Sources of Sugar

Sugar is ''hidden'' in lots of foods where you might not expect to find it - such as many savoury biscuits, salad dressings, canned and packet soups, tomato sauce, baked beans, canned vegetables, breakfast cereals, yoghurt and fruit juices. It is also found in obvious food sources like many soft drinks, cordials, jams, chocolates, ice-creams, cakes, pastries and confectionery.

It is important to read the ingredient labels on processed and packaged foods for sugar ingredients and quantities. Other ingredient names for sugar include: sucrose, glucose, lactose, fructose, sorbitol, mannitol, corn syrup, honey, malt, malt extract, maltose, rice extract, molasses, golden syrup, and invert sugar.

If sugar or a sugary ingredient is listed as one of the first three ingredients, it is likely that the product is high in sugar.


Total sugars vs added sugars

Most nutrition panels found on food packaging state the total amount of ‘sugars’ present in a product. This total includes ‘added sugar’ as well as naturally occurring sugars from fresh, dried, canned and frozen fruit, and milk components.

A product that is high in ‘sugars’ can be low in ‘added sugar’ if much of the total sugars come from fruit or milk components. This is important to keep in mind when choosing products, such as breakfast cereals. A cereal containing dried fruit may be high in total ‘sugars’ but actually contain little ‘added sugar’. This is because most of the sugars in the product may come from those naturally present in the dried fruit. On the other hand, if a product is high in total ‘sugars’ but doesn’t contain fruit or milk in the ingredients list, it is likely to be high in ‘added sugar’.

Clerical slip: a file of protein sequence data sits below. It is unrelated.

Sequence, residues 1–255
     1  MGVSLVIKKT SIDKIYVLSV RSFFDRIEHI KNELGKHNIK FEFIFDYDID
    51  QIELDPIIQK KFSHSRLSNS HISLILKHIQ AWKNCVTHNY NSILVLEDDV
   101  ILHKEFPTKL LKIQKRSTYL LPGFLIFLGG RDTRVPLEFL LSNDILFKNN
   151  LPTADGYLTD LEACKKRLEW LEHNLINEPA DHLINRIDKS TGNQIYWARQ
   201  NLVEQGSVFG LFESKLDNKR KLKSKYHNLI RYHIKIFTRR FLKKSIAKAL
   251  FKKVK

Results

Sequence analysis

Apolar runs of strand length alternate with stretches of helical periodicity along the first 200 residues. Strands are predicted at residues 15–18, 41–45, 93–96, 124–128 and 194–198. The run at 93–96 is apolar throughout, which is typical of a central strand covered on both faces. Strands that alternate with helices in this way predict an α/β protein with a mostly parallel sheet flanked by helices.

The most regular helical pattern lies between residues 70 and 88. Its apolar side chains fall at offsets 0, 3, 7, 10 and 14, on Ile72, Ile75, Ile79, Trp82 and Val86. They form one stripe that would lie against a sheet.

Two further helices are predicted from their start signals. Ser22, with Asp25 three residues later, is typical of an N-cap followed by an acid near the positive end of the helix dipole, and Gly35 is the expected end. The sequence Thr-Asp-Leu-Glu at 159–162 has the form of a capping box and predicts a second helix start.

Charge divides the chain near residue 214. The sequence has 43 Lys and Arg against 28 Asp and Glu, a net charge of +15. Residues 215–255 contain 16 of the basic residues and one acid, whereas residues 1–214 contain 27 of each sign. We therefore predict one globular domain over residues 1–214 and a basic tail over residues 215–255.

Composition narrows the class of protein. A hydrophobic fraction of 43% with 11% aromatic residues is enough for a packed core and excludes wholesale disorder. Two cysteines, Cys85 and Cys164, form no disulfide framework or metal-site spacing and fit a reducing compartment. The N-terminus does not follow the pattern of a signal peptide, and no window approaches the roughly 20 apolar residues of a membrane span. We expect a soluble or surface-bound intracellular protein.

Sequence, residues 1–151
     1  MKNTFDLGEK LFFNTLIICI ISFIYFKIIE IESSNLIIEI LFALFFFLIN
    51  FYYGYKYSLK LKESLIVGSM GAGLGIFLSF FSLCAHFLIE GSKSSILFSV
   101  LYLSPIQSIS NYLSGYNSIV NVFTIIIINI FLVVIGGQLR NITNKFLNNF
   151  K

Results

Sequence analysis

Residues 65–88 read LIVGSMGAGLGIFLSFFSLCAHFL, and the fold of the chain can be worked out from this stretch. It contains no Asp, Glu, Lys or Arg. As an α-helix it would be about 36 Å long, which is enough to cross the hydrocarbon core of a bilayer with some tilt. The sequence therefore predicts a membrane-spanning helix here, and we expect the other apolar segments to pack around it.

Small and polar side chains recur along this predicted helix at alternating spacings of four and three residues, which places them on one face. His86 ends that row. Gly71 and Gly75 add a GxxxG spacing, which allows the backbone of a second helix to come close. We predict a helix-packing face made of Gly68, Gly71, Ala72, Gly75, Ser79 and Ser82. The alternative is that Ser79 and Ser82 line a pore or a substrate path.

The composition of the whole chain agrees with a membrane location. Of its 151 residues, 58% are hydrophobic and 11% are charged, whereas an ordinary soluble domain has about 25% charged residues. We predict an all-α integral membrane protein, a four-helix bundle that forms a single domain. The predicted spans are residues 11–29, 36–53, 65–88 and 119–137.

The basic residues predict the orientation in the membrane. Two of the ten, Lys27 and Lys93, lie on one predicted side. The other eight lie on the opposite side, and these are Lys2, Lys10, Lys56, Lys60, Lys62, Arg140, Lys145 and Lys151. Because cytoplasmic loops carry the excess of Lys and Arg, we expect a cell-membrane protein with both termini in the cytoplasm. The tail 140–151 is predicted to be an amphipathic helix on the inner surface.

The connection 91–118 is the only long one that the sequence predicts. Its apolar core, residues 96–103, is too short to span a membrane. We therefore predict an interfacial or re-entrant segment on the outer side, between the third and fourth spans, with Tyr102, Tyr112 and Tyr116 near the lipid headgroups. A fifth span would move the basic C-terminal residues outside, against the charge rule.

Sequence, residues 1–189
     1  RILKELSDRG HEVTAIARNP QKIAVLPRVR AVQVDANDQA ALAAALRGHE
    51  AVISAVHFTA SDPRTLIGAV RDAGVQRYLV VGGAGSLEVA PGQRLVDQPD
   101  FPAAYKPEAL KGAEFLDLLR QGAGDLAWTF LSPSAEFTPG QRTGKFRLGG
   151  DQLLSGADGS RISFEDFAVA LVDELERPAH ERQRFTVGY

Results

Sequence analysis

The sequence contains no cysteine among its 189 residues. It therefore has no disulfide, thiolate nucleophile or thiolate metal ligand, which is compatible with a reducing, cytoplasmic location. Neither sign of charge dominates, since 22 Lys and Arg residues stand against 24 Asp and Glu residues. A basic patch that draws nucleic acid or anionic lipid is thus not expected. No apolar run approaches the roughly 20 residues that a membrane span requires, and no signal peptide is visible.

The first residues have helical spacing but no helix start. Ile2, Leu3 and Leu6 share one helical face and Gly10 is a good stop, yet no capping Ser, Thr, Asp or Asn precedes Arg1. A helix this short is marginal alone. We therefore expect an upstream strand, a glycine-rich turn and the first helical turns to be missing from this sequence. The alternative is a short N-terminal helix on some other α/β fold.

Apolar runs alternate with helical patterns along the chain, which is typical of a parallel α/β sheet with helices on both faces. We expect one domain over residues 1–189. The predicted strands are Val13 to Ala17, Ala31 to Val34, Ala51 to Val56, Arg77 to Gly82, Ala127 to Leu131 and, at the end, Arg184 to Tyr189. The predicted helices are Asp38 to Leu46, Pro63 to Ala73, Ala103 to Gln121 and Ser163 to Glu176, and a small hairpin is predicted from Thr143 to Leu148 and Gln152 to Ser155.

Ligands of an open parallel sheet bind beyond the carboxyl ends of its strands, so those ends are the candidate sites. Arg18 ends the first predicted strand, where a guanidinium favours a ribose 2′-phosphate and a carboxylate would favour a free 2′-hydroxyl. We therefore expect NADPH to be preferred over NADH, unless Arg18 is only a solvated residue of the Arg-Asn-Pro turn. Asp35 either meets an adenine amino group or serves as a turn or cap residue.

How to cut down on sugar


  • Reduce the amount of sugar you add to beverages and foods, such as breakfast cereals. Top your breakfast cereals with fruit instead.
  • Reach for a piece of fresh fruit for a snack or dessert, instead of a biscuit or a sweet.
  • Choose fruit juices with no ‘added sugar’.
  • Drink iced water instead of soft drink or cordial. A can of regular soft drink contains approximately 9 teaspoons of sugar.
  • Reduce the amount of sugar in foods you prepare at home. Experiment with spices such as cinnamon, cardamon, coriander and nutmeg to enhance the flavour of foods.
  • Check the ingredient lists on food packaging for sugar - remember it can be listed as a variety of names. Ingredients are listed in order, starting with those present in the greatest amounts.


In summary...

It is recommended that we only consume sugar and foods containing added sugars in moderation. While sugar doesn’t cause heart disease, hyperactivity or diabetes, it can contribute to tooth decay. It has also been linked with increased colorectal cancer risk and can provide extra kilojoules (or calories) - which may be a problem for those wanting to lose weight. In addition, refined sugar provides kilojoules without other beneficial nutrients, such as vitamins, minerals and dietary fibre.

Enjoy sugar in moderation, as part of a well-balanced diet. Save sugary foods for occasional treats.

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